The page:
SKOWHEGAN — Skowhegan Police Chief David Bucknam realized more support was needed for those in the Skowhegan area experiencing opiate use disorder after overdose data in Somerset County showed that there were 13 overdose deaths.
Bucknam collaborated with Robin Cochrane-Crane, a recovery coach coordinator at Kennebec Behavioral Health to plan ride-alongs with Skowhegan police officers. They developed a program in which Cochrane-Crane travels throughout Skowhegan with a police officer meeting people who have OUD, their friends, or family members to share information about local treatment options and recovery information. Cochrane-Crane and the Skowhegan Police Department have had a profound positive impact in the community by providing information, support and options for those seeking help with OUD.
In the past three months, Cochrane-Crane has provided more than 100 free Narcan kits, which can counteract the life-threatening effects of an opioid overdose, to community members in Skowhegan. Since most accidental overdoses occur in a home setting, having Narcan in the home can potentially save lives. No medical training is required to use it.
Cochrane-Crane is also educating the community about the disease of OUD and is working to reduce the stigma associated with it so more people will seek treatment and recovery.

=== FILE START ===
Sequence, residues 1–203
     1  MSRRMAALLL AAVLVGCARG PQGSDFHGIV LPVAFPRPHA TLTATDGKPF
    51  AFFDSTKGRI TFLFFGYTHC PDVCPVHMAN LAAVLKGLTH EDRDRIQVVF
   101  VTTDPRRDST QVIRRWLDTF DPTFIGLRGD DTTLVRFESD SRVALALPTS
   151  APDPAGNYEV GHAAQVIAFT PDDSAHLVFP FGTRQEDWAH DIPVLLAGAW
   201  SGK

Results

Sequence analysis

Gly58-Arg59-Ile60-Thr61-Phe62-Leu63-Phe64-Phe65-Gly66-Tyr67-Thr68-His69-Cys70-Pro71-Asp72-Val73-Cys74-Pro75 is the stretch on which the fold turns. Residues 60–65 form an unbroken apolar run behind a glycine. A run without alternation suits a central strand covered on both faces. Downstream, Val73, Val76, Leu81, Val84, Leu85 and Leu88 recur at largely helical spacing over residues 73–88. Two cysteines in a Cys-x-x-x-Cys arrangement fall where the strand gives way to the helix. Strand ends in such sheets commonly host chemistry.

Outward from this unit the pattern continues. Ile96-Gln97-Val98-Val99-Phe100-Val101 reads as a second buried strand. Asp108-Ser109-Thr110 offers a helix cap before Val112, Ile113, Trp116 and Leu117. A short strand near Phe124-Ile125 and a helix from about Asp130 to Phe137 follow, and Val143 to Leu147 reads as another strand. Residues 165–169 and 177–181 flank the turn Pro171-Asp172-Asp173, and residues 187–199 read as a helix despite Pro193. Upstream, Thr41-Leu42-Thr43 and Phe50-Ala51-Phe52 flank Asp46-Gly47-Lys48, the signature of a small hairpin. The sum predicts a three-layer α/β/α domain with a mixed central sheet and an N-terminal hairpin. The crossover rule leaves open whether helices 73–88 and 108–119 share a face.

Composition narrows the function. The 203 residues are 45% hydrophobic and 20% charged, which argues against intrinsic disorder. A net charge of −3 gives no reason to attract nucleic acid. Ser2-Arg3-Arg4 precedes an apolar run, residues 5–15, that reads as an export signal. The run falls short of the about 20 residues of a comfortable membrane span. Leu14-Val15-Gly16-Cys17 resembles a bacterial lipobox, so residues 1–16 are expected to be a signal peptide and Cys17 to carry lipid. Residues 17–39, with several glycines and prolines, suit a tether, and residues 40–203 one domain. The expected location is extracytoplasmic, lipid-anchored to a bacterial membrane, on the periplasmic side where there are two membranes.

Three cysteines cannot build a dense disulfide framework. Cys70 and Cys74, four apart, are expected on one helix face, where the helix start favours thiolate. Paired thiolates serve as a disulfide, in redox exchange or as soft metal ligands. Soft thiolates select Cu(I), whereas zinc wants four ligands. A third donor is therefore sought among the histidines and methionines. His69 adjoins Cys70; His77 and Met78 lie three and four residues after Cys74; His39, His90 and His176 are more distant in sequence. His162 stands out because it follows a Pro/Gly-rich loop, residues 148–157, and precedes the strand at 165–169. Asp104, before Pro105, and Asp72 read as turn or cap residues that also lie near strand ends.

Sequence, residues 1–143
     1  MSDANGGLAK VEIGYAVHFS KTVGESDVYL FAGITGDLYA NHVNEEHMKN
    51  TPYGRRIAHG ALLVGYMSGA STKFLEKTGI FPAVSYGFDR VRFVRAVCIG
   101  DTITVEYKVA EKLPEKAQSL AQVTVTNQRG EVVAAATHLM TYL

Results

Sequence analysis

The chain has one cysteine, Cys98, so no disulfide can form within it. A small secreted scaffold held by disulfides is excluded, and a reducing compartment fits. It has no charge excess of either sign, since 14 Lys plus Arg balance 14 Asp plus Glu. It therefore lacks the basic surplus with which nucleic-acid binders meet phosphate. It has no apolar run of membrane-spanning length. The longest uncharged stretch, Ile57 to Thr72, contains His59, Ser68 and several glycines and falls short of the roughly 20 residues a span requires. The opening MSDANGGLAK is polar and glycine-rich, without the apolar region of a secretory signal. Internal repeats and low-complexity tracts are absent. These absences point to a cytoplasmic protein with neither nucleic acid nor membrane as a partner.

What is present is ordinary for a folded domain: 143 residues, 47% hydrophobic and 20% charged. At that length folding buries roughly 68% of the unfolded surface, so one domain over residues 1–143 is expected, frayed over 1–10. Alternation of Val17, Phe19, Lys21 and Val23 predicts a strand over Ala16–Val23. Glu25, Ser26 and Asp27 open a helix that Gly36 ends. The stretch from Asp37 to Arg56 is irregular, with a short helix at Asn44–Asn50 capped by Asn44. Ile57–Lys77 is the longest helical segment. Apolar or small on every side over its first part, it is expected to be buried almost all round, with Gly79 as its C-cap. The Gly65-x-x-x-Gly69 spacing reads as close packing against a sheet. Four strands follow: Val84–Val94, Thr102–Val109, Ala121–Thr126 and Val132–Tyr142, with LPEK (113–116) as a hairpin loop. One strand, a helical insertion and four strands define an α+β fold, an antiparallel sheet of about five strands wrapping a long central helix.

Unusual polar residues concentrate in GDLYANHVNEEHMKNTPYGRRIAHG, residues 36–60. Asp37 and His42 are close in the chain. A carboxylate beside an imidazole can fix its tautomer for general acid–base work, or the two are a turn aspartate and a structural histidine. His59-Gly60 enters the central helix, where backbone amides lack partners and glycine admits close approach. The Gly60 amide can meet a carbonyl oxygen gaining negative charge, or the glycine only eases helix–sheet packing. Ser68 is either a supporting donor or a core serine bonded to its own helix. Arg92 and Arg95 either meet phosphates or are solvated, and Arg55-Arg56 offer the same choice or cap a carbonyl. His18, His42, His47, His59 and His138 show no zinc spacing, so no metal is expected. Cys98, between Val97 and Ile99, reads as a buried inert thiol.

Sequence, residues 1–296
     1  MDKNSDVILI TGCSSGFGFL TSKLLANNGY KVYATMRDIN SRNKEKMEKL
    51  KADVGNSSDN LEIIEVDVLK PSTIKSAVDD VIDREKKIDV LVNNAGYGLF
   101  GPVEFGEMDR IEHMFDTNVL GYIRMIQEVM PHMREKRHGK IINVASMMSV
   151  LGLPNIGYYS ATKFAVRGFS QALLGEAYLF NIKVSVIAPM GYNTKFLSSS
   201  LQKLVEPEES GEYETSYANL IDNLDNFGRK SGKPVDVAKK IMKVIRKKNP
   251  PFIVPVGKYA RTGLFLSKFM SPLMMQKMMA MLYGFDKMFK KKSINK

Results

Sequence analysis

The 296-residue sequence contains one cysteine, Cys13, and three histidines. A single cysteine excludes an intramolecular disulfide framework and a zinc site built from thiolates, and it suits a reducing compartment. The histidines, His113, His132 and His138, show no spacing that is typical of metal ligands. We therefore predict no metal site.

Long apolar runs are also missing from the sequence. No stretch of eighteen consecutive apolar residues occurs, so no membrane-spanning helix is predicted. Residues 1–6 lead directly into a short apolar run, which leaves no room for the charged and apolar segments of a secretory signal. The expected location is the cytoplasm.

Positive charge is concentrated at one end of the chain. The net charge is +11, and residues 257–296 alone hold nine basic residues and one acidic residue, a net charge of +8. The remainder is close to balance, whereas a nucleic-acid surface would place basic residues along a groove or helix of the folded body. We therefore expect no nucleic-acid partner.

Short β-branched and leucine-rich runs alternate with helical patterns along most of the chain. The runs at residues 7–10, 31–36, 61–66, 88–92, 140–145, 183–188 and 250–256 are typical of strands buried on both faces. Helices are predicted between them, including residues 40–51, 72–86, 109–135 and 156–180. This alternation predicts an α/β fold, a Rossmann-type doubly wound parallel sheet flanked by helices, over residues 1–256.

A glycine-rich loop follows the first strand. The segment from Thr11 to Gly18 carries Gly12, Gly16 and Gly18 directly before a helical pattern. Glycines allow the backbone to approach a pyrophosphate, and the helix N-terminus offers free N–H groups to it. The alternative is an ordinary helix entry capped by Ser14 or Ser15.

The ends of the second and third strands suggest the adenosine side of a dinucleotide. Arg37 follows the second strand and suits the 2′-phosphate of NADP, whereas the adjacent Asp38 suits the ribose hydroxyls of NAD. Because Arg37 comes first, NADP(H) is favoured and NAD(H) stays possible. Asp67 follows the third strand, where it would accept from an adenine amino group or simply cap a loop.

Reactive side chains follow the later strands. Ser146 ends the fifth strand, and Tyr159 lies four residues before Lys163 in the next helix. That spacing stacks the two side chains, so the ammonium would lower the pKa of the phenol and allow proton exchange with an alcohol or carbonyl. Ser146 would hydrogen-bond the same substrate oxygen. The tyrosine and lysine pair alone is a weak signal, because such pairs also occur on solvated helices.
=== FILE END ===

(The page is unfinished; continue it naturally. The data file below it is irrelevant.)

The recovery coach ride-alongs are a key strategy of the Pathways to Recovery Program. The multi-agency program creates support in Somerset County for low barrier, easy access to Opioid Use Disorder prevention, treatment and recovery services.
For more information about the Pathways to Recovery project, or if you need help with OUD treatment or recovery, want to share your experience or would like information about receiving free Narcan, contact Linda MacKenzie at Somerset Public Health, email@example.com.
*PHOTO: From left, Skowhegan Police Department Sgt,. Kris McKenna, Robin Cochrane-Crane, recovery coach coordinator for Somerset County; and Skowhegan Police Department Officer Billie Hatfield.